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The Sacroiliac Ligaments

Injury to the ligaments which hold the sacrum to the hip bones can cause the most devastating low-back and leg pain. Tears and adhesive scarring of sacroiliac and other ligaments of the sacrum account for the great majority of low-back, buttock and so-called "sciatic" pain down the leg. Many people are unaware that the sacral area can cause such far-reaching problems.

What are they?
The sacral ligaments hold the sacrum to the hipbones or ilia; hence, the sacroiliac ligaments. These ligaments hold together and help stabilize the back of the pelvis. They consist of thousands of individual fibers that are deeply layered for about one-and-a-half to two inches.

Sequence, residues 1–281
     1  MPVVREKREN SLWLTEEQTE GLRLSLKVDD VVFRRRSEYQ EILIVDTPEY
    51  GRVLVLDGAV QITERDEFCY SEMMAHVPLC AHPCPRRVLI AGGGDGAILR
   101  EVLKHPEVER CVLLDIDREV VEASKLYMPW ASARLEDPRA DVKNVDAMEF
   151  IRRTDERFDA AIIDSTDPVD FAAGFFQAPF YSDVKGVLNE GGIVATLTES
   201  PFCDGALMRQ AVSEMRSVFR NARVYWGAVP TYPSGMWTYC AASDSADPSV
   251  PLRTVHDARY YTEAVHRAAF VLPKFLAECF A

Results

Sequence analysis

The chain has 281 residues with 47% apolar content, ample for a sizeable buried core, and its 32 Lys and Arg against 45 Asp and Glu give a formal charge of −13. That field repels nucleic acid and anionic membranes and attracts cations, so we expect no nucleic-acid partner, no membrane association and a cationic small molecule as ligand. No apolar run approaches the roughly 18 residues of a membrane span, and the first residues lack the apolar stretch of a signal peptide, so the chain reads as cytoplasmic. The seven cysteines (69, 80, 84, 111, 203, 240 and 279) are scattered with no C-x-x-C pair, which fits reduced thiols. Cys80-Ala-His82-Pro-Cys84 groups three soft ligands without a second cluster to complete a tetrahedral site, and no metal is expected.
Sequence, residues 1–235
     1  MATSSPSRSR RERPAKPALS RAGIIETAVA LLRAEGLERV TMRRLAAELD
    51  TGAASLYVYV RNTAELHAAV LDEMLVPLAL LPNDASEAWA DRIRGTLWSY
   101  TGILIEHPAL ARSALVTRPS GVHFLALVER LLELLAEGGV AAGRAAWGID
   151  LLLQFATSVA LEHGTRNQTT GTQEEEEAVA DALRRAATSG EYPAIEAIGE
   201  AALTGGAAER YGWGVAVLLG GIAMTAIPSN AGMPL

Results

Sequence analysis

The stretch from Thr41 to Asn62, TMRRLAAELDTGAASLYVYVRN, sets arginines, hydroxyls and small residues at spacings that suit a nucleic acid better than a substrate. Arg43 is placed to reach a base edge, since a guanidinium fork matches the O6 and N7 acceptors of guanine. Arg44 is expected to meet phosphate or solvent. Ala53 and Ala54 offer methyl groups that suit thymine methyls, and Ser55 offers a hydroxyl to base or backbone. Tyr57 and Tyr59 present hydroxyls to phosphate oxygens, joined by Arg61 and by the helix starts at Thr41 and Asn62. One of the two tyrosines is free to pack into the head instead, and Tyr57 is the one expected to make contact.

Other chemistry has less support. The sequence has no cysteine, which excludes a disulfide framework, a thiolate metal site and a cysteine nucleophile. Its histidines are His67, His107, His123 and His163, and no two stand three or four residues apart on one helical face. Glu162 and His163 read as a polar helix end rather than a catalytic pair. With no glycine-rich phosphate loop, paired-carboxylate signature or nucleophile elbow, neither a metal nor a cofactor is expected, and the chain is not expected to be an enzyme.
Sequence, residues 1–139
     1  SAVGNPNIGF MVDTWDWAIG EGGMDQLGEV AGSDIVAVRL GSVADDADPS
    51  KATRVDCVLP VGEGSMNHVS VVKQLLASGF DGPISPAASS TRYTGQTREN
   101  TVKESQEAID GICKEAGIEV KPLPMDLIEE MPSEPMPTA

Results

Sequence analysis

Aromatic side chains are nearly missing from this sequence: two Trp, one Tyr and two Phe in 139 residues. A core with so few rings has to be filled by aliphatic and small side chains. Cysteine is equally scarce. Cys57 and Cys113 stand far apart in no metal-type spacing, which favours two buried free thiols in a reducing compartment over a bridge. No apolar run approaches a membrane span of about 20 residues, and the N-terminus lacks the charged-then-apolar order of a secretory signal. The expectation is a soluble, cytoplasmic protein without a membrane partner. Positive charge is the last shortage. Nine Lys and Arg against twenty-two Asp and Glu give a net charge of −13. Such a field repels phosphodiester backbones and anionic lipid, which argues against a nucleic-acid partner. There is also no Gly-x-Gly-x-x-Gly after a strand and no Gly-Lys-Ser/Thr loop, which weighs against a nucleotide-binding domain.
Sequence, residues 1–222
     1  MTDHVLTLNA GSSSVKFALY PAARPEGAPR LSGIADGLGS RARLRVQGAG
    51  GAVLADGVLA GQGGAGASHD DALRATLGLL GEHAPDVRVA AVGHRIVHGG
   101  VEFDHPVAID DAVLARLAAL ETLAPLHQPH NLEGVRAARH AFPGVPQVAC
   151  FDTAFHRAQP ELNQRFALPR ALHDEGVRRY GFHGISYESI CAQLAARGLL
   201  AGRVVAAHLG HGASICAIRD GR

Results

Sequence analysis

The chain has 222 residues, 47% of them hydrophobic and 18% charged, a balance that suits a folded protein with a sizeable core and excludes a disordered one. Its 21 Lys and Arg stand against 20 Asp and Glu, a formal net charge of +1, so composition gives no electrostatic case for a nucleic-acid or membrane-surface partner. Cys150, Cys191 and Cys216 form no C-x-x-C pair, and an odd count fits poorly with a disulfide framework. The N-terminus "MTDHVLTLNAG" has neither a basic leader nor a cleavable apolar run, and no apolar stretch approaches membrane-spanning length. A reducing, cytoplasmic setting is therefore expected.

The sacrotuberous (B) and sacrospinous (C) ligaments stabilize the lower part of the sacrum. They hold the lower sacrum to the bottom of the pelvis, attaching themselves to the ischia; the bone youšre sitting on. Tears of these ligaments cause referred pain down the leg. This pain comes in many different patterns: down the anterior thigh, within the thigh, down the lateral lower leg, down the posterior the leg and so on.

Referred Pain
Referred pain means that you have an injury in one place and you feel the pain in another. Understanding referred pain and its patterns is critical in the assessment of low-back injuries. Patterns of referred pain have been mapped, and they run along specific pathways, known as dermatomes.

Patterns of Pain Onset